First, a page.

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In addition to the revision notes for Pressure, Temperature and RMS Speed on this page, you can also access the following Thermodynamics learning resources for Pressure, Temperature and RMS Speed

Tutorial ID | Title | Tutorial | Video Tutorial | Revision Notes | Revision Questions | |
---|---|---|---|---|---|---|

13.7 | Pressure, Temperature and RMS Speed |

In these revision notes for Pressure, Temperature and RMS Speed, we cover the following key points:

- What is rms speed of a gas?
- What is the relationship between pressure temperature and rms speed in a gas?
- Why are the factors affecting the rms speed of ideal gas molecules?
- What is the translational kinetic energy of gas particles?
- What is mean free path of gas molecules?
- What are the factors affecting mean free path of gas molecules?

Molecules of a gas move in every direction within the container; they hit each other and the container walls and then, they bounce back. If we consider the gas as ideal, the collisions between particles can be neglected. Thus, we consider only the elastic collisions of gas molecules with the container walls.

We call the quantity √**v^{2}_{average}** as root mean square speed (v

P = *n × M**/**3V* × v^{2}_{rms}

This formula indicates how a macroscopic quantity such as pressure depends on a microscopic quantity such as the speed of molecules.

As for the rms speed of gas molecules we have

v_{rms} = √*3 × R × T**/**M*

The translational kinetic energy of a gas molecule molecule is

KE = *3**/**2* × k × T

We obtain a very important conclusion based on the last formula:

**"All ideal gas molecules, no matter what kind of gas they belong, have the same translational kinetic energy at a given temperature."**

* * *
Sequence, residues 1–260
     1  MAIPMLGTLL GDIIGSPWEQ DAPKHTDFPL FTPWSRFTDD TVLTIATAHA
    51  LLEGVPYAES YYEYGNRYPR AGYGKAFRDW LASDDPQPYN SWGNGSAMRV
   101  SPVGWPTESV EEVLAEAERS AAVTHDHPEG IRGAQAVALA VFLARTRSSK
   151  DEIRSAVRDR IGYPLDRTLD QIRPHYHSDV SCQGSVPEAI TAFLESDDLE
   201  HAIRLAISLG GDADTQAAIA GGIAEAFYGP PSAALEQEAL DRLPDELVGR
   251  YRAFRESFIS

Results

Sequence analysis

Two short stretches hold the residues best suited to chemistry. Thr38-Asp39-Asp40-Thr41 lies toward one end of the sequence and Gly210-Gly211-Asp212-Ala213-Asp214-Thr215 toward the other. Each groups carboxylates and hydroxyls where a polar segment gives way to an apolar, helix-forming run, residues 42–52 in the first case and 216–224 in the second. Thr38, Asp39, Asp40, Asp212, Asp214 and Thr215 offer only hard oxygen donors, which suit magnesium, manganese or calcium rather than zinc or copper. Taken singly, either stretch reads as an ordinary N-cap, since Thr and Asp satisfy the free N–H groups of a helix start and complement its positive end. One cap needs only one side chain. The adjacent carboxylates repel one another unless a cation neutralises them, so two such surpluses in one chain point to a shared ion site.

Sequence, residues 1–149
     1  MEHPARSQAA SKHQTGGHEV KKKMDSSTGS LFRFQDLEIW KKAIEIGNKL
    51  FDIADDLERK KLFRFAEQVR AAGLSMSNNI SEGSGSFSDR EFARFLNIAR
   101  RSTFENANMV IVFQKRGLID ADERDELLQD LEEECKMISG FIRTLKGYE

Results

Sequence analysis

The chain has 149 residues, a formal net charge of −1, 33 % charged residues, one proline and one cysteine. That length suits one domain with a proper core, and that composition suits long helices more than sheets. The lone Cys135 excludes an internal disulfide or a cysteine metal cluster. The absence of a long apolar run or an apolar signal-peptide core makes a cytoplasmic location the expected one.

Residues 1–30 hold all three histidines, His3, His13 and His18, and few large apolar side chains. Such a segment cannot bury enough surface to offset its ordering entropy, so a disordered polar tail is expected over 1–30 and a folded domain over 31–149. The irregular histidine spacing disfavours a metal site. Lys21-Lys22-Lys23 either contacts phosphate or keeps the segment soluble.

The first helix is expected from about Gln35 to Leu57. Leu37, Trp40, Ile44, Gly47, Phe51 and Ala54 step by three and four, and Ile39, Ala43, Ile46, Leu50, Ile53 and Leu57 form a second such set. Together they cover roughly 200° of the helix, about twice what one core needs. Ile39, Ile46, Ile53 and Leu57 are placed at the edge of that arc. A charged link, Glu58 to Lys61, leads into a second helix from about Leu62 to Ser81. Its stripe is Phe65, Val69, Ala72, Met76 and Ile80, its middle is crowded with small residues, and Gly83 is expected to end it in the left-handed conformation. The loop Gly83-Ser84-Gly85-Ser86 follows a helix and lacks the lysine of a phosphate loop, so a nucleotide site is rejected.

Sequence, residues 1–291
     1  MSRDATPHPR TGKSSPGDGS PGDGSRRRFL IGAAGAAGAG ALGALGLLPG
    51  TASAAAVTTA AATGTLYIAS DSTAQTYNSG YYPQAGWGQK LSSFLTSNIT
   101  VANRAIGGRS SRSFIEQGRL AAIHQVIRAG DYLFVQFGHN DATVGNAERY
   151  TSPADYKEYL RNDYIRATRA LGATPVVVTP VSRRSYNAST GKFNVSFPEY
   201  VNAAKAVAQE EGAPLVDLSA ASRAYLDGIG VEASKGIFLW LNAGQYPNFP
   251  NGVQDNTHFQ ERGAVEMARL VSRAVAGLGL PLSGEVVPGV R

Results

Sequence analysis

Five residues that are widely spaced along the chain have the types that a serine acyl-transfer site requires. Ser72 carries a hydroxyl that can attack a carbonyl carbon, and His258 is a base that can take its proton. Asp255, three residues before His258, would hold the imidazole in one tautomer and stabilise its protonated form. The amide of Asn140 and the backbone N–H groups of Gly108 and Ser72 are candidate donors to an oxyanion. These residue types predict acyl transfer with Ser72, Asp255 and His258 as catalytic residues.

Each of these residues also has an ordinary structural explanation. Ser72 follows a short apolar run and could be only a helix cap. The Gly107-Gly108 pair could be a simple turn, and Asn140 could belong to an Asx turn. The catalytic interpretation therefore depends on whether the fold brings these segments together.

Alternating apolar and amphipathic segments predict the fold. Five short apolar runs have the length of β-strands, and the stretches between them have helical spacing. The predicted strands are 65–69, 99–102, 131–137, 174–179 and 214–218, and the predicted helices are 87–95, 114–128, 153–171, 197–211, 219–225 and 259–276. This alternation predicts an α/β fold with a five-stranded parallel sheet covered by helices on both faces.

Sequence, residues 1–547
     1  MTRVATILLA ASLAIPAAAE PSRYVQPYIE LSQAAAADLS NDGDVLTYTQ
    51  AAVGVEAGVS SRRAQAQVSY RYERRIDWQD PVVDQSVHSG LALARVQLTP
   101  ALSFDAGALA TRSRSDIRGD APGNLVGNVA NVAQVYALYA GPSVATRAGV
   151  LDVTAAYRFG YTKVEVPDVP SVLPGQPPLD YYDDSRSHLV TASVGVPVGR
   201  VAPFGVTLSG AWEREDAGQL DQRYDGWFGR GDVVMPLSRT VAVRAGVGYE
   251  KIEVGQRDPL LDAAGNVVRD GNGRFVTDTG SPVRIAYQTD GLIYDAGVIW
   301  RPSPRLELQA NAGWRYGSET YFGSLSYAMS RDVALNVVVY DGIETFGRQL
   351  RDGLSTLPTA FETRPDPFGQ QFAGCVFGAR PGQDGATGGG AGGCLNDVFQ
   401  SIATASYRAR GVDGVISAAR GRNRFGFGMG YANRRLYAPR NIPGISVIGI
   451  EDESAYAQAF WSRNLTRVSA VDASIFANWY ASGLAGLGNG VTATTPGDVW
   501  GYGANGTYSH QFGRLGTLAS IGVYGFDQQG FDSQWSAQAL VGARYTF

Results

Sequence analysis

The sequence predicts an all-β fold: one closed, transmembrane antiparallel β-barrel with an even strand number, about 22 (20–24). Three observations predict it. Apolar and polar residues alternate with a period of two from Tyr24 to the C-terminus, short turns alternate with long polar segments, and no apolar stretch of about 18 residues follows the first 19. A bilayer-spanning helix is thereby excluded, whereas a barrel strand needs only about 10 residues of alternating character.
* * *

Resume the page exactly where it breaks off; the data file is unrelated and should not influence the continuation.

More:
This means that when we measure the temperature of an ideal gas, we are actually measuring the average translational kinetic energy of its particles.

Molecules of a gas collide continuously with each other; however, they move linearly at constant speed during the time interval between two consecutive collisions.

We use a parameter known as "mean free path" (in symbols, λ) to describe this random motion of gas particles. It represents the average distance travelled by a gas particle between two collisions. Mean free path depends on the following factors:

**1- Density or concentration of gas**. In this case, we express density in terms of concentration of molecules, i.e. as number of molecules per unit volume (in short, ** N/V**) instead of mass per unit volume, as here we are interested on microscopic parameters such as the number of molecules.

Based on this factor, we can say that higher the concentration of particles, smaller their mean free path. Therefore, the molecular mean free path is inversely proportional to gas concentration.

**2- Size of molecules**. Obviously, larger the gas molecules, shorter the mean free path between them. molecules are, the smaller the mean free path. Mean free path λ, should vary (inversely) as the square of the molecular diameter d because the cross section of a molecule - not its diameter - determines its effective target area.

The equation of mean free path of gas molecules is:

λ = *1**/**√***2** × π × d^{2} × *N**/**V*

where N is the total number of gas molecules.

Enjoy the "Pressure, Temperature and RMS Speed" revision notes? People who liked the "Pressure, Temperature and RMS Speed" revision notes found the following resources useful:

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- Thermodynamics Physics tutorial: Pressure, Temperature and RMS Speed. Read the Pressure, Temperature and RMS Speed physics tutorial and build your physics knowledge of Thermodynamics
- Thermodynamics Practice Questions: Pressure, Temperature and RMS Speed. Test and improve your knowledge of Pressure, Temperature and RMS Speed with example questins and answers
- Check your calculations for Thermodynamics questions with our excellent Thermodynamics calculators which contain full equations and calculations clearly displayed line by line. See the Thermodynamics Calculators by iCalculator™ below.
- Continuing learning thermodynamics - read our next physics tutorial: Molar Specific Heats and Degrees of Freedom

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